Best bass strings 2023: vintage and modern string sets for every style and budget

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Best bass strings 2019

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1. Product guide
2. Buying advice
3. How we choose

Like most instruments, bass guitars require some regular maintenance to keep them in tip-top condition. Probably the best (and easiest, cheapest) way of keeping your instrument is to fit it with a fresh set of the best bass strings. 

Let's face it, there is so much choice out there, so how do you know what set of bass strings will be best for you? Well, we’ve put together a handy list of the best bass guitar string sets currently available, taking into account the different tones that players are after, alongside playability, longevity and budget. The right choice will help shape the tone that you’re going for and will be comfortable for you to play.

Whether you’re a fresh-faced beginner looking to perform your first restring or an experienced bass journeyman looking to inject some inspiration into your playing, there will be something on our list to suit you. With something like choosing strings, it can be easy to just pick the cheapest or most convenient option, but by doing just a bit of research, you’ll find a set that will complement your sound and playing style.

If you need more guidance before making your choice, we’ve got some handy buying advice at the bottom of this page.

Best bass strings: product guide

Best bass strings: Buying advice

Close up of the strings on a four-string bass guitar

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Choosing the best bass strings for you

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When looking for the best bass strings for you, there are a few things to consider. We’d argue that the most important factors are sound and playability. The material that the string is made from plays the biggest part in what they sound like. Different brands will have their own alloys made up of different ratios etc, but generally, the best bass strings tend to have a steel core with windings on the outside made from either stainless steel, or nickel plated steel.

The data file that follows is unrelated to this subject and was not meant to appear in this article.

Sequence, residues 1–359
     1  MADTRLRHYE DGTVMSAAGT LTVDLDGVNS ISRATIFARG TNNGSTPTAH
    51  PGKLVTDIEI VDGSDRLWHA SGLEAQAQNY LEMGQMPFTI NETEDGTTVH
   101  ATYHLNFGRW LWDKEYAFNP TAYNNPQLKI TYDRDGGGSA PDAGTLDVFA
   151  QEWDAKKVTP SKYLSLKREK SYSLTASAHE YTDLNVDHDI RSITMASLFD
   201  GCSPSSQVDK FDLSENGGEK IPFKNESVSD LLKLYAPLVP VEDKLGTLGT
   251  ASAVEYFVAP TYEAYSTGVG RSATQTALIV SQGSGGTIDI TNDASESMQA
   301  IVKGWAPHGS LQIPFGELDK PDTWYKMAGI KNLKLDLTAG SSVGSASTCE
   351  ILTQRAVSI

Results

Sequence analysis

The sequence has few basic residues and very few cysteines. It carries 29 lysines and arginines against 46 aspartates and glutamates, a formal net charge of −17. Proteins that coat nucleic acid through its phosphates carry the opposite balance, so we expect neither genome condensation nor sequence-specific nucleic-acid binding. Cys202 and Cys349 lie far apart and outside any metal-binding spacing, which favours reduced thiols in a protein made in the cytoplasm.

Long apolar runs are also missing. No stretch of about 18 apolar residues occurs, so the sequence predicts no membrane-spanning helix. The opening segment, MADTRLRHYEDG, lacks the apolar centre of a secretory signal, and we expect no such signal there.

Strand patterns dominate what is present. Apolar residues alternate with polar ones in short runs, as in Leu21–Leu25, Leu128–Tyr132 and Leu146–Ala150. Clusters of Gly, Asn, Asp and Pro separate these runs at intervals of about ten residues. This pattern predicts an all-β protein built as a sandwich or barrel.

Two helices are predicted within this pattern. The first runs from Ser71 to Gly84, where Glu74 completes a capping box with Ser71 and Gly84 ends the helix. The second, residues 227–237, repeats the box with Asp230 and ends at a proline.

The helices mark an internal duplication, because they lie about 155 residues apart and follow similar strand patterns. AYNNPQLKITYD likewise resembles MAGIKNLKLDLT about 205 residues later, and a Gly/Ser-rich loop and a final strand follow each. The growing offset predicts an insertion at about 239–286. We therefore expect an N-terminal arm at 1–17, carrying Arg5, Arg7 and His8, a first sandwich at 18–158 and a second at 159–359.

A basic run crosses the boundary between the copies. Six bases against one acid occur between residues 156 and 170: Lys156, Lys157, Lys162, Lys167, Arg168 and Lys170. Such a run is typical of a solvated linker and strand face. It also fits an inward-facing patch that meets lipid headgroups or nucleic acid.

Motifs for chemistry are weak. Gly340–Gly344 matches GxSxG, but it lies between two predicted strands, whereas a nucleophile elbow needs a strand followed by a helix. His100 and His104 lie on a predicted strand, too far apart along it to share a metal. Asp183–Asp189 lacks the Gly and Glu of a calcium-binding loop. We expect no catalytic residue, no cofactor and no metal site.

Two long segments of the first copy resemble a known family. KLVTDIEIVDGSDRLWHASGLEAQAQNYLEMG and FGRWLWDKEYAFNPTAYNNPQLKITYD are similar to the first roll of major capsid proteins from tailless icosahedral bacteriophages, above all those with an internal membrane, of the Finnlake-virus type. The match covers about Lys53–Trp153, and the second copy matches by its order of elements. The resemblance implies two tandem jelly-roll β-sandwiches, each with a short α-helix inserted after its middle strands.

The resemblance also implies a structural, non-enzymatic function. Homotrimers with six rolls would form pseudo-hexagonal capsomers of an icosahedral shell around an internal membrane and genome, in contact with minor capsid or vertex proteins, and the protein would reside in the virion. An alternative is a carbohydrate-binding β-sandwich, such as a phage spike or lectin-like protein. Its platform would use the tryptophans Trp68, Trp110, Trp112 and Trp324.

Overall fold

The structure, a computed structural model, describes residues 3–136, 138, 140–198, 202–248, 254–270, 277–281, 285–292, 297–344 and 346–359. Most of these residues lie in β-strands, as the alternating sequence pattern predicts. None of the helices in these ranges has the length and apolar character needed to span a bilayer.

What material of bass string should I use?

Stainless steel strings are usually fairly bright sounding. You still get a nice low end punch, but you get the added top end bite too. Stainless steel bass strings can be really good for more contemporary music, like modern rock, punk, pop and metal as you get that natural slight mid scoop. 

You can get pure nickel wound bass strings too – these tend to be much warmer sounding, without too much low or top end, resulting in a mellower tone. What you’ll probably see more of is nickel plated steel strings. As you might imagine, these strike a really nice balance of warmth and brightness. If you’re going from Motown to pop punk all on one bass, then these strings will help you cover lots of ground. 

String materials at a glance:

Nickel - Pure nickel strings have a warm sound, without too much treble bite or low-end. Perfect for the vintage tones of ‘50s/’60s pop, soul and rock.

Stainless steel - Tonally speaking the opposite of nickel strings, stainless steel is clear and bright, with clarity throughout the frequency range – great for modern sounds.

Nickel-plated steel - No surprises, nickel-plated steel offers a compromise between pure nickel or stainless steel. An all-round option for the bassist who plays a bit of everything.

Do you need roundwound or flatwound bass strings?

Another decision to make in the search for the best bass strings is whether to go for roundwound, flatwound or tapewound – all impart their own characteristics on the sound and feel.